Joseph Schmidlin, DO, MTP, has over 20 years of training, teaching and practice in the field of energy medicine, including Classical Osteopathy, Traditional Chinese Medicine, Ayurveda, Zero Balancing, Massage Therapy, Cranial-sacral therapy, and Vibrational therapies, including sound healing. He has been a co-teacher with John Beaulieu of sound healing integrated into body work. Joseph has a private practice in Rochester and New York City.
He will be teaching Body Reading and the Art of Listening (16 CEs pending) as part of the NAHA program in December.
“I am very excited about this new program. I believe it will prove to be a very potent curriculum bringing in a truly holistic perspective for working with the body as manual therapists. The design of this program will take the student deep into the understanding and thought process of how to work with the body as one dynamic unit of function. We will bring in teachings from the origins of the North American healing arts. Specifically osteopathy, traditional Cherokee healing, and vibrational healing.
If we look the origins of the North American healing arts there has always existed the understanding that the body is one whole integrated and interconnected unit of function. Beyond the interconnectedness of the individual body there was an innate understanding that each member in the community or tribe was essential to the health of the whole tribe. We can look at this perspective as just a larger body in exactly the same way that the individual is made up of cells that make up a larger body. Next we can look at the natural world and see how we are all connected and integral to everything in nature. This is a concept and understanding that was inherently understood in the past.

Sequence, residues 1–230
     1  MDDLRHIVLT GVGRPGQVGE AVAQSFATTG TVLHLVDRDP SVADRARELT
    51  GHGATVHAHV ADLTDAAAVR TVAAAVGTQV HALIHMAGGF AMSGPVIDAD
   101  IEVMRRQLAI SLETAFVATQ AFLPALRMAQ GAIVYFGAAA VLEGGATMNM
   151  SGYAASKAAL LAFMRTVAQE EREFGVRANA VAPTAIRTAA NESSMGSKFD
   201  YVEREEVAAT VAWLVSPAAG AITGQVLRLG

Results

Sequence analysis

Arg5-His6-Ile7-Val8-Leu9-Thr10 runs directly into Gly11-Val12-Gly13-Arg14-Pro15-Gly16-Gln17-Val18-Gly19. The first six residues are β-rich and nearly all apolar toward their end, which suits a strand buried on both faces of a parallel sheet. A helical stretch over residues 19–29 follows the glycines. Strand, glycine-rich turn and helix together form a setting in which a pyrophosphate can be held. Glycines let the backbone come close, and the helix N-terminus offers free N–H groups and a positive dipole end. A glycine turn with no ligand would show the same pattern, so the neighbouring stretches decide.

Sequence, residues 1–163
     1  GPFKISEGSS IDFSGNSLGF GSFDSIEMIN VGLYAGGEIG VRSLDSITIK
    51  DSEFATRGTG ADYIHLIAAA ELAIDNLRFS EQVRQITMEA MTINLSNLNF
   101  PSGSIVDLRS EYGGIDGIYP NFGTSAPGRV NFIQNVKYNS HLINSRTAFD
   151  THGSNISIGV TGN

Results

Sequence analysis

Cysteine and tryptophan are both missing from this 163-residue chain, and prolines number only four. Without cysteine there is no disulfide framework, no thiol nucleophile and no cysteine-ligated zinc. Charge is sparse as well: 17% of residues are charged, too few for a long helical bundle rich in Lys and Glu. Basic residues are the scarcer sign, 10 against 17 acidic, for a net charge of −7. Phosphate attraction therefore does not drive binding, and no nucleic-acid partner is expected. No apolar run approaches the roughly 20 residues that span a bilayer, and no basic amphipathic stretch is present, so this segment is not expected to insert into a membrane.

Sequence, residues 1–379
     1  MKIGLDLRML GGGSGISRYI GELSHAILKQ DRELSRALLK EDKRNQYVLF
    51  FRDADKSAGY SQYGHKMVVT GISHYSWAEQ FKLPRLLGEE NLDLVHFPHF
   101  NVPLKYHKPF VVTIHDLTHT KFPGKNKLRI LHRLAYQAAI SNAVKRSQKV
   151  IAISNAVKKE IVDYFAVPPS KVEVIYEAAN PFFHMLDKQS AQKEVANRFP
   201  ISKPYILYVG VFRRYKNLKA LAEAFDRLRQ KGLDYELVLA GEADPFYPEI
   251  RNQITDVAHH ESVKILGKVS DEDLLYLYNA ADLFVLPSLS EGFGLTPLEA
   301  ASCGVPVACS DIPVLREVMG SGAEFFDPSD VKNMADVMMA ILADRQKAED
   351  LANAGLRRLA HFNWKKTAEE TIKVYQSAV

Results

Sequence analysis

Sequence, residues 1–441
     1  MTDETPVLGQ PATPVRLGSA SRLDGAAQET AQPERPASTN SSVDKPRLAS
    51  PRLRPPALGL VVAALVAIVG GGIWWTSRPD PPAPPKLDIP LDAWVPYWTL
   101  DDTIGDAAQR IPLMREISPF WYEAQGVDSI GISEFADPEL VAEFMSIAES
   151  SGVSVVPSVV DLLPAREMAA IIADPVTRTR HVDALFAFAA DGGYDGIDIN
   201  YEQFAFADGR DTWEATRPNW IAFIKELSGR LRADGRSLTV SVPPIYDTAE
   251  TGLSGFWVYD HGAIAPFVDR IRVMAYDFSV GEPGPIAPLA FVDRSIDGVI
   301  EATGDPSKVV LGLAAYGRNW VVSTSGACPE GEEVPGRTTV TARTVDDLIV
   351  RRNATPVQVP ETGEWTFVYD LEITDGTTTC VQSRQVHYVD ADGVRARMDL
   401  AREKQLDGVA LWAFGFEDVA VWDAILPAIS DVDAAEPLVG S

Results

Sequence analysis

As we entered the 20th century with the advent and development of allopathic symptom-based treatment we moved away from this interconnectedness principle. In our current healthcare system, for example, when there is a shoulder problem we would tend to look at the physical area of the shoulder and not much beyond. From a truly holistic and integral perspective, we would look at what was happening in the whole body and the relationship of the different systems, i.e.: the endocrine, circulatory, lymphatic, nervous, muscular-skeletal, and physiology of the viscera. By understanding how to look at and treat the body as a whole interconnected functional unit, we can provide treatment that is not only safe, but effective and sustainable.”